Roomy Khan, one of several former traders cooperating with the prosecution of the biggest U.S. hedge fund insider trading case, told a judge she tipped several people at hedge funds with inside information on companies to make money from trades, according to a court document.

In an October 19 transcript of her guilty plea, made public on Thursday, Khan also said she destroyed an incriminating email from an accomplice in early 2008 despite knowing of an ongoing U.S. Securities and Exchange Commission investigation.

Between 2004 and November 2007, I along with several co-conspirators engaged in a conspiracy to commit securities fraud, Khan said. I used inside information provided to me by co-conspirators who worked for publicly traded companies and investor relations companies who had access to confidential information on particular companies and used it to make profitable trades.

I provided the information to several co-conspirators who worked for various hedge funds, who also traded on the inside information for profit.

Khan, 51, is one of at least five people who have pleaded guilty to criminal charges since prosecutors on October 16 announced criminal charges against the Galleon Group hedge fund's billionaire founder Raj Rajaratnam and others.

Some 20 defendants face criminal charges, civil charges or both. Prosecutors have identified $40 million of illegal profits, while the U.S. Securities and Exchange Commission has found $53 million in its civil investigation.

According to the transcript, Khan did not reveal names of co-conspirators or companies whose inside information was used. Prosecutors believe Khan made $1.6 million in illegal profits.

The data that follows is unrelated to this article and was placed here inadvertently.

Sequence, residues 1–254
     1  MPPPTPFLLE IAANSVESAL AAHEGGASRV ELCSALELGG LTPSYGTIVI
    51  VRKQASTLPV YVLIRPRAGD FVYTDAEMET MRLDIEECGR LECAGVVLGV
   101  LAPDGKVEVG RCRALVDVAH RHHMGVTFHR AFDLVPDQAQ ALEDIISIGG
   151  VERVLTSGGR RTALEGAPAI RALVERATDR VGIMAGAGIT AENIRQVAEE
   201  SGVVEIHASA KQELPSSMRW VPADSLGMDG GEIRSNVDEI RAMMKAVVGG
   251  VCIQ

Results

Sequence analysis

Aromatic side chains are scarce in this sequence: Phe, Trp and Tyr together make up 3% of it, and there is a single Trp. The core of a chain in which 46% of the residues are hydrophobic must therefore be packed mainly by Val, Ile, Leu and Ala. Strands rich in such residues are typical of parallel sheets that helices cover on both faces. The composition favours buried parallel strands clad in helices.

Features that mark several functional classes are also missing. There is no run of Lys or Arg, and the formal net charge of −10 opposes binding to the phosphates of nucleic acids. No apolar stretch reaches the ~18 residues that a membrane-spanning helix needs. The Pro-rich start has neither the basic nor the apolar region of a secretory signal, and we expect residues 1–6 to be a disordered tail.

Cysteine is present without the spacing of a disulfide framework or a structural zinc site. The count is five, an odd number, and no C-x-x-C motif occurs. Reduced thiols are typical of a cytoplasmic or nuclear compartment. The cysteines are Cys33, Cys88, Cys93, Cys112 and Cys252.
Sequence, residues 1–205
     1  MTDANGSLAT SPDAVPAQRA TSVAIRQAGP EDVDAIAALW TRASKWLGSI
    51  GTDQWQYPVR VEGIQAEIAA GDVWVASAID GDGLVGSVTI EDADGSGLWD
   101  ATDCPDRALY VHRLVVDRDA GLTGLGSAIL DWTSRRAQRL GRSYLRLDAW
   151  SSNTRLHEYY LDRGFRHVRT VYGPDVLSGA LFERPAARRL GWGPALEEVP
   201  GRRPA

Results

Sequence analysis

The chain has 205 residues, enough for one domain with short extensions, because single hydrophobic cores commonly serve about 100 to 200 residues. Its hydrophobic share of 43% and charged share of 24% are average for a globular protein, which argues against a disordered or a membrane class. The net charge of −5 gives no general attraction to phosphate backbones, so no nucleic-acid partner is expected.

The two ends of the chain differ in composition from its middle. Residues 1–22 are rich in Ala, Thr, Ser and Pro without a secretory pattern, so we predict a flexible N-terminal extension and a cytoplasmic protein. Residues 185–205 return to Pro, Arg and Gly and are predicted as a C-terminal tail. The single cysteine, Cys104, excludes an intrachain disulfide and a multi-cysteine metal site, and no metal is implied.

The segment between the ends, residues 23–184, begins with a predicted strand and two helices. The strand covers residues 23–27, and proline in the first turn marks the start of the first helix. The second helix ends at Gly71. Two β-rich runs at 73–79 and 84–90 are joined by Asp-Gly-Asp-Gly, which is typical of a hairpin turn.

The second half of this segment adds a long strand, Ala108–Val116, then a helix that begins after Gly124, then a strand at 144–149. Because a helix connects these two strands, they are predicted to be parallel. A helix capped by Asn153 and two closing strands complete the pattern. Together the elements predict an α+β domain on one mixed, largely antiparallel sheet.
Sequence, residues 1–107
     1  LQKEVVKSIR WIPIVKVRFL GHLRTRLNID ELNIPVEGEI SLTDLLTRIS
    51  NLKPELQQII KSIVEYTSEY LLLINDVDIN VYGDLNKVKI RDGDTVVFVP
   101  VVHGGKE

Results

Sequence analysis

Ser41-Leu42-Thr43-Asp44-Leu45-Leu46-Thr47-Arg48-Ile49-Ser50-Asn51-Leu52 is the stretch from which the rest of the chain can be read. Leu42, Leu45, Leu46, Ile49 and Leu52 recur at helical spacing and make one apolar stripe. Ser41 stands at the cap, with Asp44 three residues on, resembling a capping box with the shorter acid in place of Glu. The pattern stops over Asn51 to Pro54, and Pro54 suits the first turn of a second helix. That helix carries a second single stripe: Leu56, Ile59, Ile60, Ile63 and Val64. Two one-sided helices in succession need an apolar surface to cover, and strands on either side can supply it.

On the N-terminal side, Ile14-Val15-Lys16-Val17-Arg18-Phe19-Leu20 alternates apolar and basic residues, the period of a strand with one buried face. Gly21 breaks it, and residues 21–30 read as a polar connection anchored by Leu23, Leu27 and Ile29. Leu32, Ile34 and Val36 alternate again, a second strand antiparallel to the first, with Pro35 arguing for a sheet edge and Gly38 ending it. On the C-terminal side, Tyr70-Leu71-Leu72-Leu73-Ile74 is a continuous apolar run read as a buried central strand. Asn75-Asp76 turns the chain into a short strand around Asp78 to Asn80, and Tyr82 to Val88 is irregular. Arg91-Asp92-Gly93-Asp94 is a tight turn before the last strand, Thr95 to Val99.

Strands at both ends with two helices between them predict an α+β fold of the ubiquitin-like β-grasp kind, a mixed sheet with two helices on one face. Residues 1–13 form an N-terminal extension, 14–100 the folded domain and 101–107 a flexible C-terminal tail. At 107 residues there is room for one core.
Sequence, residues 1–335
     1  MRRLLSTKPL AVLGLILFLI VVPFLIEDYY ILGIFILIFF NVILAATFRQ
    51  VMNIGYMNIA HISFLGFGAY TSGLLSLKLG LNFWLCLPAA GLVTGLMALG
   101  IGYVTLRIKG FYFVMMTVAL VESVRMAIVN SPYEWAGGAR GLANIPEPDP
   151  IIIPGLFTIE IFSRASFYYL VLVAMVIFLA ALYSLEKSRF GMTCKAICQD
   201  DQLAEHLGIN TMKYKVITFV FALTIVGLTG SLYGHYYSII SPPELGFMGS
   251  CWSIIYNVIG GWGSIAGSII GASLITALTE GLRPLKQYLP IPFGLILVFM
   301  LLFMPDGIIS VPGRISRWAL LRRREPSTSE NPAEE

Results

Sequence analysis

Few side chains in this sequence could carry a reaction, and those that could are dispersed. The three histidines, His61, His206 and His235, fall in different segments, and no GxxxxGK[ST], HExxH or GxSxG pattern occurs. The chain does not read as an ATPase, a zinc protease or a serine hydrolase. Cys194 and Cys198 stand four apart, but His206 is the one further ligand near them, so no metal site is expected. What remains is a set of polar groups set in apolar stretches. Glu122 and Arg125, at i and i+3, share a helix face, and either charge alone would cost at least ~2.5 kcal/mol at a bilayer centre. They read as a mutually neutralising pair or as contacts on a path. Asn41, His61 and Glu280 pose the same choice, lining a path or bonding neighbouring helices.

Khan told U.S. Magistrate Judge Debra Freeman that on July 2 and July 3, 2007, she bought securities in anticipation of a merger announcement.

These trades were made on the basis of the inside information provided to me by a source in New York City, Khan said. She said the person was an analyst at a rating agency covering hotel stocks, advising the company on the merger.

Investigators have said their probes involve the divulging of non-public details about several companies, including a pending takeover bid in July 2007 for Hilton Hotels Corp, which was later bought by Blackstone Group LP .

Deep Shah, a former analyst at credit rating company Moody's Corp , faces criminal charges for allegedly tipping a witness about Hilton in exchange for a cash payment.

Khan separately admitted that in early 2008, while cooperating with an SEC investigation, she tried to cover the tracks of a co-conspirator.

I deleted an incriminating email sent to me -- sent to me from one of my co-conspirators, rather than turning it over to the government investigators, said Khan.

Khan lived in California at the time of her offenses but now lives in Fort Lauderdale, Florida, according to court documents.


Khan pleaded guilty to securities fraud, conspiracy and obstruction of justice, and was released on $500,000 bond and ordered to surrender her passport. She faces up to 20 years in prison but could get a lesser sentence for cooperating.

In an SEC complaint, Khan is known as Tipper A, a hedge fund manager who worked for Galleon in the 1990s and tried to rejoin Rajaratnam in 2005 as her own finances worsened.

Ali Far, co-founder of the hedge fund Spherix Capital LLC, admitted to paying an employee of chipmaker Marvell Technology Group Ltd in exchange for inside information.

Far and Richard Choo-Beng Lee, who are both government informants in the Galleon case, admitted to illegal insider over many years, court documents made public on November 5 show.

The agreements suggest that Lee engaged in illegal insider trading while working at Steven Cohen's SAC Capital, a Connecticut hedge fund. He has not been associated with SAC since 2004.

Galleon was managing $3.7 billion when Rajaratnam was arrested, but is now winding down its funds. Rajaratnam is free on $100 million bond.

The case is USA v Khan, U.S. District Court for the Southern District of New York, No. 09-991.

(Reporting by Grant McCool and Jonathan Stempel; Editing by Gerald E. McCormick, Bernard Orr)